Munich-trained classical violinist Joaquin Maria “Chino” Gutierrez returns to the concert stage on September 13 at 7:30 p.m. with a repertoire
With noted pianist Corazon Pineda Kabayao as his collaborating artist, 24-year-old Gutierrez has prepared classical pieces for his concert at the Francisco Santiago Hall, BDO South Tower in Makati City. Aptly titled Passion, his repertoire is full of deep emotions as well as lots of technical fireworks that will challenge the violinist’s prowess.
Gutierrez opens with “a personal favorite,” Johann Sebastian Bach’s Chaconne. A work for solo violin, the Chaconne has been termed by the great violinist Yehudi Menuhin refers to this piece as “the greatest structure for solo violin that exists.” Violinist Joshua Bell described it as “not just one of the greatest pieces of music ever written, but one of the greatest achievements of any man in history—a spiritually powerful piece, emotionally powerful, structurally perfect.”
Gutierrez cites some music historians as suggesting that Bach wrote the Chaconne as an expression of the Holy Trinity, with the three sections each representing one aspect of God.
“Whatever the case, he stresses, “Bach’s Chaconne definitely remains an incomparable achievement: the composer packed into the violin—a one-handed instrument—all the richness of sound normally attainable on a two-handed instrument such as the organ or piano. This enormity of sound, coupled with its breadth of emotion, make the Bach Chaconne one of the most technically difficult and musically demanding—and satisfying—pieces in the violin repertoire.”
Gutierrez’s second piece, Brahms’ Sonata No. 3 in D minor for violin and piano, Op. 108, is the most complete of the composer’s three violin sonatas, opening with very restless music but trying to find calm. The second movement is more peaceful but the third “creeps back into action and all of these come to head in the fourth movement, much like horses galloping.”
His third piece, Italian composer Giuseppe Tartini’s Devil’s Trill, is what a critic described as “fiendishly difficult” although deceptively simple. The story goes that Tartini was visited in a dream by the devil, who then played him a sonata of such unearthly beauty and imagination that Tartini immediately wrote it down upon waking.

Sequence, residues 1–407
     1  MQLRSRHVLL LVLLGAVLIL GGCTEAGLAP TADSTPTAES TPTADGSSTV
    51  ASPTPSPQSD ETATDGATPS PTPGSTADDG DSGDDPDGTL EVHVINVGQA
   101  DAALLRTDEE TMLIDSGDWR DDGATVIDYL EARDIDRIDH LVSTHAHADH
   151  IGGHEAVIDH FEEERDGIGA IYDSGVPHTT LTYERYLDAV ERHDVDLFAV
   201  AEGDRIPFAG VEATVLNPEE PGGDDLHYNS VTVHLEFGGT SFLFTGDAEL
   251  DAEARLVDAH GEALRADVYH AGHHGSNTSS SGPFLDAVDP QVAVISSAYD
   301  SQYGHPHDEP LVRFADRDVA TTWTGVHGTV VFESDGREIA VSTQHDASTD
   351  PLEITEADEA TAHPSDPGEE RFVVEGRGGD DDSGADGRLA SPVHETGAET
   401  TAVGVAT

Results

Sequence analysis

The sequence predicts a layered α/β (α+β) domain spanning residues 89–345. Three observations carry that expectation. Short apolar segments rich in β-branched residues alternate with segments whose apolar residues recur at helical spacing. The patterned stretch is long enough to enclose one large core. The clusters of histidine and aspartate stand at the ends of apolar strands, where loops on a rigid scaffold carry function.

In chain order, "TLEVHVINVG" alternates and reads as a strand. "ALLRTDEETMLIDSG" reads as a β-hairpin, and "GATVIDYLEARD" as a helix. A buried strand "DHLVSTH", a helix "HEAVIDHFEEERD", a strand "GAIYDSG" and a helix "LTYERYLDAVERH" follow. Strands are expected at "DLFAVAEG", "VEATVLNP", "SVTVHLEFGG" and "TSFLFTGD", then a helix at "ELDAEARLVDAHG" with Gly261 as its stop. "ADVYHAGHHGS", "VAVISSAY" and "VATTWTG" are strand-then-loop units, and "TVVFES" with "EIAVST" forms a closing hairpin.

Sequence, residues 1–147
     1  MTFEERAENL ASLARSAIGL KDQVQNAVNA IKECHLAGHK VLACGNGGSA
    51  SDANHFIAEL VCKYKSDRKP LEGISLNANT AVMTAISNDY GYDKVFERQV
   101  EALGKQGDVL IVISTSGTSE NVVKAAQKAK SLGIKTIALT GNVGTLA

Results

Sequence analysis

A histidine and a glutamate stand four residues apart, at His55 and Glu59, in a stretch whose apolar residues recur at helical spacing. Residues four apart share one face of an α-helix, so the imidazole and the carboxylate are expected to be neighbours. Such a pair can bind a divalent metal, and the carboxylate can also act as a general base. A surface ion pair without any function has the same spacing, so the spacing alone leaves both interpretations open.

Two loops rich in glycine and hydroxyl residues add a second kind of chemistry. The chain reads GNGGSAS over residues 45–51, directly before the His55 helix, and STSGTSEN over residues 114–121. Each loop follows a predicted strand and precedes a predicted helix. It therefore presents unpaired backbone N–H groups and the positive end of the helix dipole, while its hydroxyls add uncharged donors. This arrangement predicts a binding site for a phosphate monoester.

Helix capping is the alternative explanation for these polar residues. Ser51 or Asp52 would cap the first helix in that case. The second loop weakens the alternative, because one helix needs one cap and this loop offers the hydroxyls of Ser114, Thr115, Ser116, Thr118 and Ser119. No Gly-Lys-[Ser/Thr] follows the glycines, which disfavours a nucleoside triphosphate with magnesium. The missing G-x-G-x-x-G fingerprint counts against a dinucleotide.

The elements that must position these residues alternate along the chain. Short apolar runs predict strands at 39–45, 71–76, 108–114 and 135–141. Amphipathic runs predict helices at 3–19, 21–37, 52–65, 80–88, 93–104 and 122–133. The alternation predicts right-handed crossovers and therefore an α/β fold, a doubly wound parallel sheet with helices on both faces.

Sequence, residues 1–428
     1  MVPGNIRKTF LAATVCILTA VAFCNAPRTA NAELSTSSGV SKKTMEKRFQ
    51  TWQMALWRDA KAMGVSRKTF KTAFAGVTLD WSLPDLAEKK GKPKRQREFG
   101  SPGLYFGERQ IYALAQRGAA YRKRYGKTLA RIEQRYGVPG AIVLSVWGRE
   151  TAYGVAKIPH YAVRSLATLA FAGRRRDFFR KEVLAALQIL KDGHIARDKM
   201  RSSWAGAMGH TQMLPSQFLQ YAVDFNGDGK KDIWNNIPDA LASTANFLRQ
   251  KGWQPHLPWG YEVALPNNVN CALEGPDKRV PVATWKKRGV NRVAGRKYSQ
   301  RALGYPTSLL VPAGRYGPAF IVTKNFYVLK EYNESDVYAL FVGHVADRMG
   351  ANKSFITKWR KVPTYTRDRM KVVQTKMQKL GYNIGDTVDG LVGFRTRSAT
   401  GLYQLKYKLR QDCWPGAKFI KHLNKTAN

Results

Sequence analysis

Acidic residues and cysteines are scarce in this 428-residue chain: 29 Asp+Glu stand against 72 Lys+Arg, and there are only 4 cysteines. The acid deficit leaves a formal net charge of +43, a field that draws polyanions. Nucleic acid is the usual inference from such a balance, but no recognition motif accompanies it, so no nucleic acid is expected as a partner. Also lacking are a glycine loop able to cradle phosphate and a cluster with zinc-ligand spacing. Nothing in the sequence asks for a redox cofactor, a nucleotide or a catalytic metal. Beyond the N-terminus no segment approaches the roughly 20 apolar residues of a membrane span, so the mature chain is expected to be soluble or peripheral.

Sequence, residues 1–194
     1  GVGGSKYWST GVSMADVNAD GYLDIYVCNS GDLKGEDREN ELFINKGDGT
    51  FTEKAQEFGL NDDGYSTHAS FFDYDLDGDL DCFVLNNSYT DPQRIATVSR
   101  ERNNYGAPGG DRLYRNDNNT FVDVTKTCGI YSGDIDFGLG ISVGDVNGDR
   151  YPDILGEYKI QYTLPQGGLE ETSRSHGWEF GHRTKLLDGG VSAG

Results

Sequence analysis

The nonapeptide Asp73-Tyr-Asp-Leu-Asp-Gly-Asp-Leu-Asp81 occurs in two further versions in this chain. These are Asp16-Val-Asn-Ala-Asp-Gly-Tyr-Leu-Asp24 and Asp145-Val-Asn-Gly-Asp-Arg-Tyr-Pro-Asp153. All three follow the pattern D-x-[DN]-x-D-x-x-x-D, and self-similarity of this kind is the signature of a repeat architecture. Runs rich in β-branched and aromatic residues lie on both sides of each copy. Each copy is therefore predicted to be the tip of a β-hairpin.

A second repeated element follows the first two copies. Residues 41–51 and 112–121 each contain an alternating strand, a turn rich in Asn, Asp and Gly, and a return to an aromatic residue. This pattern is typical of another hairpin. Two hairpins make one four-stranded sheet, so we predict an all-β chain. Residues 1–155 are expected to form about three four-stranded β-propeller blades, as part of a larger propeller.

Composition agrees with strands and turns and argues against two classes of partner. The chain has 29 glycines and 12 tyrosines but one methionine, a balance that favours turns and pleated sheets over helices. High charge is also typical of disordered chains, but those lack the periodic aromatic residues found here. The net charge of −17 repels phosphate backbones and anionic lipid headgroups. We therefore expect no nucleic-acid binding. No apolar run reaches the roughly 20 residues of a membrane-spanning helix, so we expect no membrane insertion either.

The resulting Devil’s Trill, peppered with chords, daunting finger-stretches and the blisteringly fast trills that give the work its name, was described by Tartini as “the best music I ever wrote.”
Ernest Bloch, who wrote “Nigun,” Chino’s fourth piece, is frequently cited as the first Jewish composer of modern times, who tries to capture the volatility and raw passions of the Jewish spirit. Nigun’s second of a three-part suite, all of five minutes, is a type of Hasidic Jewish chant where the composer takes a theme, improvises it and raises it to new heights.
Tchaikovsky’s Souvenir d’un lieu cher (Memories of a dear place) is a 10-minute three-part suite that commences with the Meditation, a more nostalgic, dream-like reminiscing; followed by the Scherzo, very brisk but turbulent with few moments of respite, and finally the Melodie, the most romantic of the three parts and also the sweetest and most poignant. Chino notes that when the Russian composer was writing his violin concerto, a benefactress lent him use of her lakeside home, but he kept his distance from her, preferring to communicate through correspondence.
The final number, Spanish composer Sarasate’s Carmen Fantasy in five movements, was inspired by the popular opera, Carmen, by French composer Georges Bizet.
As Chino explains, Sarasate’s virtuosic work builds on popular themes and takes melodies from the original opera and embellishes it with virtuosic techniques, such as replicating the stomping of feet, clacking of castanets and whistling of birds, and the flirtatious, seductive and amorous voice of the gypsy Carmen.
For ticket reservation, call 0915-189-2998, 0925-764-2608 and 218-1864.